I also showed him some finished artwork from other artists along the same lines of what I was envisioning. SO at this point we both agreed that the pastels weren't quit right and I think the finished art of other artists helped to communicate what I intended with my crude color samples. Now I just needed to figure out how to get from our current state of limbo into some colors that would accurately represent what I mean without actually going full scale into the final artwork. Then I got the idea to find reference photos online of rooms painted in various colors. i then cropped portions of the walls and stretched and fitted them to the samples in photoshop.

I feel this gave us samples that weren't too saturated, too light or too dark. The problem is that by the end of it I felt they were essentially the  same color schemes I originally intended so I wasn't sure after all of this work if the client would be Any happier with these. HE WAS !!! SWEET!  He chose 13 and 14 as the room gets lighter towards the end of the book when the sun starts to rise.

Now the situation wasn't completely resolved as I still had to show color samples for other objects in the room like the bed headboard, floor, blanket, lamp, night stand and rocking chair which are key features for part of the book. So I spent two more days working on the color samples below. This is a crazy amount of work to do for mere color samples but I was happy with how fast the drawing stage went and felt it will make the rest of the color samples much easier once we have one image done in more accurate colors to show the main elements. He's seen these and loves them and we are now trying to decide on our favorite or favorite combo. All of that work can only lead to a better final product int he long run!

A brief explanation of my color sample process for the art folk who may visit. Generally I try to use cheap papers where ever possible because at this time in my career I'm not all that worried about having color samples survive after I'm dead. So for acrylic or oils I have some thick paper I got from my grandpa seven years ago that works great for this purpose. For watercolor I use printing paper which is horrible for watercolors but gets  a rough idea of color.  I start by printing the final drawings onto the paper generally two spreads on each 8x10 sheet.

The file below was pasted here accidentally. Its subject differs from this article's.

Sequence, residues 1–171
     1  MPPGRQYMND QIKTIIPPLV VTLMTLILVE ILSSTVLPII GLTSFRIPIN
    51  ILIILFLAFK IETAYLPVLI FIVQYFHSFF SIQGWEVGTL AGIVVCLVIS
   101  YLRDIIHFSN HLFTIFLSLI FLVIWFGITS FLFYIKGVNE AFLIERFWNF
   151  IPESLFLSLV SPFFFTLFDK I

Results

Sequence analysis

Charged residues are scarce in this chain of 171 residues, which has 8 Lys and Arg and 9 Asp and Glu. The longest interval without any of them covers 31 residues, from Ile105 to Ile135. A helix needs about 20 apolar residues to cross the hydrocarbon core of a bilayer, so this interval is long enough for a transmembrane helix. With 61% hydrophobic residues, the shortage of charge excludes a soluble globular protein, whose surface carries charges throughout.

In general I think it's a good idea to keep color samples extremely rough when working on a whole book and only get detailed if your working on one image. However I tend to personally feel like I'm going to lose clients unless I show them a bit of detail so i tend to get carried away. Probably comes from my first book in which the clients actually tried hard to have someone else add color to my drawings once they saw my rough color samples,LOL.
      I generally put some acrylic gloss medium on the paper to keep the paints from sinking in too much. Then you basically just go to town filling in rough colors trying to show main light source and colors of main objects. With acrylics and oil samples (and sometimes watercolor) I'm, able to spend about a half hour to an hour for the first sample for a single image. Then I scan that into the comp. and I paint different colors on top of the same sample, scan and repeat till I've exhausted my ideas.
     Then I almost always do even more samples once in photoshop. I play with the color sliders and contrast etc. to get all kinds of things I may not have come to on my own. I generally end up with around ten samples for each image in the book but I've had as many as 40 samples for one image before if you can believe it. Color seems to be that one area that clients aren't afraid to keep asking for more and more and more no matter how little they are paying. I never quit understood that but I'm constantly learning and know that this is the main area of my art that I still need to figure out away to streamline. After all we all know that the best part is the final art! FOr children's books the best part is seeing the final art in print : )